In our hyper-connected world, when it seems like we can reach out to anyone and everyone with a text, tweet or post, many of us still feel emotionally isolated.
"We create our deepest, most meaningful connections when we share our hurts, vulnerabilities and failures," she says. "But too often, showing our fundamental humanness is not valued and is even belittled, which is why our connections seem shallow and disingenuous." Gallagher offers the following thoughts on building fulfilling relationships.
1. Face your fears
What stops people from sharing their most vulnerable selves?
"Often, it's fear—fear of being judged, misunderstood or a burden to others, as well as hopelessness that nothing will help," Gallagher says. "We get past these fears by realizing that real connection will not occur until we decide to speak with others from the heart. And we also need to realize that connecting is very different from just trying to fit in."
2. Be wise about social media
Gallagher notes that social media is often replacing real relationships rather than enhancing them. Many of her younger patients compare their own lives to the social media profiles of peers whom they have never met in person and feel as though they don't measure up to them. She notes that social media allows people to display a curated version of themselves—a performance, rather than a person.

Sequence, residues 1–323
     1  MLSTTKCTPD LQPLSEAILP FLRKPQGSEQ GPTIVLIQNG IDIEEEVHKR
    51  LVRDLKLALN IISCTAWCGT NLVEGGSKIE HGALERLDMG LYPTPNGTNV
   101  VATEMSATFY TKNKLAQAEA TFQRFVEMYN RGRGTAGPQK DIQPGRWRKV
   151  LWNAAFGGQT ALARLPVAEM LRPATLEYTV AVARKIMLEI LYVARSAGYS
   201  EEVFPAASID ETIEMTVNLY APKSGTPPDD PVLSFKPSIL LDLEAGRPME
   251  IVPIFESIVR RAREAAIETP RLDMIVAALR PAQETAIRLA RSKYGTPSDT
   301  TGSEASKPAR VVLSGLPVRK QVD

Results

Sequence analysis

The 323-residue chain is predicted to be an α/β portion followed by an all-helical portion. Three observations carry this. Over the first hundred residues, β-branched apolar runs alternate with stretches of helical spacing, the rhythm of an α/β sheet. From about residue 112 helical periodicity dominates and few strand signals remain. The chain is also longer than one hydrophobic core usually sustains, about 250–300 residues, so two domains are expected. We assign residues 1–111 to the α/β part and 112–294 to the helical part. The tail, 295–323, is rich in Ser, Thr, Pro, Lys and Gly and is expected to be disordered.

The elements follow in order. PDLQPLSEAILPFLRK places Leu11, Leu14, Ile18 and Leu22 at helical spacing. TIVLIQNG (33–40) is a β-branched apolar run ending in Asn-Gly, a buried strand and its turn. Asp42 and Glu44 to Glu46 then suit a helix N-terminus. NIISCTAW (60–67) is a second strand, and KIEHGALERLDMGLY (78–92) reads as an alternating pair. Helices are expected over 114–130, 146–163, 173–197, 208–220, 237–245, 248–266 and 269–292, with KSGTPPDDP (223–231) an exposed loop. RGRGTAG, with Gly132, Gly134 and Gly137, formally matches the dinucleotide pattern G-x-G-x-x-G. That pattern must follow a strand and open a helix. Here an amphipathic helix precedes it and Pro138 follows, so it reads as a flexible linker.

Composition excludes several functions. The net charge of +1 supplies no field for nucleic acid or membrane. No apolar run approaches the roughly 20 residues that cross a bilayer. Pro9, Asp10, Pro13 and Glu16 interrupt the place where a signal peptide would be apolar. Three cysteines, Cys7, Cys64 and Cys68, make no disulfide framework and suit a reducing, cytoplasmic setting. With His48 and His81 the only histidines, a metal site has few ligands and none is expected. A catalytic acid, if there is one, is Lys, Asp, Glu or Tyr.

"Social media is not a replacement for real, face-to-face connection, and relying on it can lead to self-esteem issues and depression," she says. "We need to realize there is a whole world out there beyond our screens."
3. Cherish in-person time
Although the pandemic made it necessary to maintain friendships through texts, calls and posts, it also illuminated how vital it is to meet with each other "in real life."
Gallagher has witnessed the difference in her own practice and why it's more important than ever to create meaningful connections in person.
"When I see a patient in person, there's an energy present that is often harder to get to in a virtual session—we get there, but sometimes it takes a bit longer and requires more effort," she says. "Either way, trust needs to be established with the therapist so a patient is comfortable being vulnerable.
"Once you know and accept yourself, you'll be able to extend that compassion to others," Gallagher concludes. "That's when true connection can begin."